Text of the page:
India rail pass to be axed this year

Train passengers planning to explore the country now face ‘a nightmare’ with online booking

Simon Calder
Travel Correspondent
Friday 27 October 2017 11:33 BST
Train travel in India is about to get a lot more complicated
Train travel in India is about to get a lot more complicated

The freedom to roam the world’s leading rail network with just one purchase is about to come to an end.

The IndRail pass is to be discontinued “late in 2017”, according to the long-standing UK agency, SD Enterprises.

The pass, which costs US$198 (£152) for three weeks in AC2 class, allows visitors to India to travel on any trains they wish for the appropriate time frame, and crucially make all the bookings in advance before they arrive.

Mark Smith, the founder of the website, said of the rail pass: “A whole two- or three-week itinerary can be painlessly pre-booked from outside India, avoiding the frustration of finding trains fully-booked if you waited to buy tickets when you got there.

“If you fall ill for a day or two and have to change your plans, or simply change your mind about when and where you want to go, you can do this with a pass.”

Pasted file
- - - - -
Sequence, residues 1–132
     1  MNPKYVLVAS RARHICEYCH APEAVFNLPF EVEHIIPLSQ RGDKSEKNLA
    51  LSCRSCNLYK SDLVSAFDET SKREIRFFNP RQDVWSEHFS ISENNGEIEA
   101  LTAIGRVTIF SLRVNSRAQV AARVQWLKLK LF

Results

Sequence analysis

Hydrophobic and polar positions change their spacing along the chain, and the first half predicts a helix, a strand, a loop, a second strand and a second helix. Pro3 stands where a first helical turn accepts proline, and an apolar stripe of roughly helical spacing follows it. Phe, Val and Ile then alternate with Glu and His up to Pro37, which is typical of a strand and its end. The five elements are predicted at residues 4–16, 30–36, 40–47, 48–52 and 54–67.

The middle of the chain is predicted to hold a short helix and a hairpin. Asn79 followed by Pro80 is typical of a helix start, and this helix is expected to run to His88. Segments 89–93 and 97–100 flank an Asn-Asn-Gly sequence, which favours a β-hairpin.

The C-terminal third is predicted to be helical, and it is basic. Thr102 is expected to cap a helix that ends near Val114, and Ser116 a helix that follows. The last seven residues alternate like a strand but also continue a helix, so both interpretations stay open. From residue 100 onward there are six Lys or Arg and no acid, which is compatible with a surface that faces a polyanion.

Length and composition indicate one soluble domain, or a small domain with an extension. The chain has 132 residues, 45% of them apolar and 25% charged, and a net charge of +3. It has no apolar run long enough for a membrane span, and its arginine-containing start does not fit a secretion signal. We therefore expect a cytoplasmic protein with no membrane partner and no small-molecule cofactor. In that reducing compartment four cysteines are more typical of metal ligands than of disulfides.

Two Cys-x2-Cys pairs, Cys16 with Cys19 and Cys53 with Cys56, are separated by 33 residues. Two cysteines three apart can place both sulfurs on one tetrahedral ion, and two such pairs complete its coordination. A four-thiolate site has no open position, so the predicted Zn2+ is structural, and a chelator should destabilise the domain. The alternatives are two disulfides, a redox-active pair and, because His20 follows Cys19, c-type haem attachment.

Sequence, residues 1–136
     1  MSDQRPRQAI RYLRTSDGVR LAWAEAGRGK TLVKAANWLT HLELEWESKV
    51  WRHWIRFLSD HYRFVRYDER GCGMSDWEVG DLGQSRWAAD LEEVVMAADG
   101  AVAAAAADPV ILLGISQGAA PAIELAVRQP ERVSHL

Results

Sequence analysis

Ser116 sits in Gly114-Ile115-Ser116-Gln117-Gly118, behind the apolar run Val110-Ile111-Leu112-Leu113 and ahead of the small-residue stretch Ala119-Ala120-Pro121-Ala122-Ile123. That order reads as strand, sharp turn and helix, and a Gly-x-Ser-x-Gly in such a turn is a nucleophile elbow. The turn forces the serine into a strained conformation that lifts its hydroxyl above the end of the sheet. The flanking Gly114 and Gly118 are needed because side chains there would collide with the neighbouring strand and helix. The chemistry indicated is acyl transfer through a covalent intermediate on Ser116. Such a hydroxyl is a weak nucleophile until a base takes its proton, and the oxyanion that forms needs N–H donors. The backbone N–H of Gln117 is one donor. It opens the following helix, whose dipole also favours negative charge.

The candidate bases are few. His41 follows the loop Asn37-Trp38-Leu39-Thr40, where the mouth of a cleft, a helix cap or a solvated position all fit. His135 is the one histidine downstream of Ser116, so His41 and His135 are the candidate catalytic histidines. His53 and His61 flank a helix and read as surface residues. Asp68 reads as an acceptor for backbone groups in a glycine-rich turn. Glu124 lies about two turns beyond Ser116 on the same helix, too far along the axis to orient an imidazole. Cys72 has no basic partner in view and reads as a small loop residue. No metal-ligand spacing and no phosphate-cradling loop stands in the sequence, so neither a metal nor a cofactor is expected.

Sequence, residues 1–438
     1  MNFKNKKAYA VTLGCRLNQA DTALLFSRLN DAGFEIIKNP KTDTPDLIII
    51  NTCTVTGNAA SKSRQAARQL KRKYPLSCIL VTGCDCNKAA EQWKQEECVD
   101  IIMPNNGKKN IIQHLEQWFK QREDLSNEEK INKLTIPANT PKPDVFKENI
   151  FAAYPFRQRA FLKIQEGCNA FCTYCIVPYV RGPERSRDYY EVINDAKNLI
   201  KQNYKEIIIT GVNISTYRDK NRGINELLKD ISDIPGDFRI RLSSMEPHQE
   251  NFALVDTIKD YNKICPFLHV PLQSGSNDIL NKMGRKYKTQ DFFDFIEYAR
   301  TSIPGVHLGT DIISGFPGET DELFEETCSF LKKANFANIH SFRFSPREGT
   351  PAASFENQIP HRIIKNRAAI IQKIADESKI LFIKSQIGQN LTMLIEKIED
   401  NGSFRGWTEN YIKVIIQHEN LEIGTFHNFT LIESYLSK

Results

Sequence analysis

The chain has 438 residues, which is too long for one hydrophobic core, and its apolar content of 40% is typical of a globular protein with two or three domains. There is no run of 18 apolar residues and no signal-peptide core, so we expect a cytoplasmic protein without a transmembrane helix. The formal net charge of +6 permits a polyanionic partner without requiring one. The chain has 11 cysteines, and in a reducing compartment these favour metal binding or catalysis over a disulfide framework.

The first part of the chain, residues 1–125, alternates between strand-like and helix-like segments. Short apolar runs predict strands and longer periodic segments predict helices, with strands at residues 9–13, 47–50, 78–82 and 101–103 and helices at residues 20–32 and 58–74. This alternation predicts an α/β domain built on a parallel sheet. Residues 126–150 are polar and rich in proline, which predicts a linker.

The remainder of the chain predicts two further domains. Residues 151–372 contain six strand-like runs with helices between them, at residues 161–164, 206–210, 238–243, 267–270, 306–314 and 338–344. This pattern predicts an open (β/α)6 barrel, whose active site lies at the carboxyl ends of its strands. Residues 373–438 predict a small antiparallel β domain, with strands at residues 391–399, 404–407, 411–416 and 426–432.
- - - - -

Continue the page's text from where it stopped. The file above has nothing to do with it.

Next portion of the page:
Mr Smith described the abolition of the pass as “a quite incredible decision, given the difficulty of booking Indian train tickets”.

“You will now need to book an itinerary as point-to-point tickets,” he said, calling the booking process at “a nightmare”.

The founder rates the Japan Rail Pass as providing excellent value: “The seven-day pass is less than the cost of one Tokyo-Hiroshima round trip by Shinkansen [bullet train].”

The InterRail pass for Europe may not save money, because so many cheap advance-purchase fares are now available —- and in France, Spain and Italy, a reservation fee of about €10 is payable on top of the pass for almost every fast train.

”However, it's still cheaper than flexible-full-price fares for inter-city journeys of any significant distance,” says Mr Smith. “So it allows you to explore flexibly instead of nailing your plans to the floor.”

He says the Renfe pass provides a good deal in Spain. But he no longer recommends the Amtrak pass for US rail passengers.

“This is now a set number of 'segments' not unlimited travel,” says Mr Smith. “You still need a reservation on all long-distance trains - and the passholder quota is set to zero seats once 75 per cent capacity is reached, which means you'll never get a spontaneous seat on any trans-continental train in summer.

“Better to use regular tickets, easily booked online at with reservation included.”

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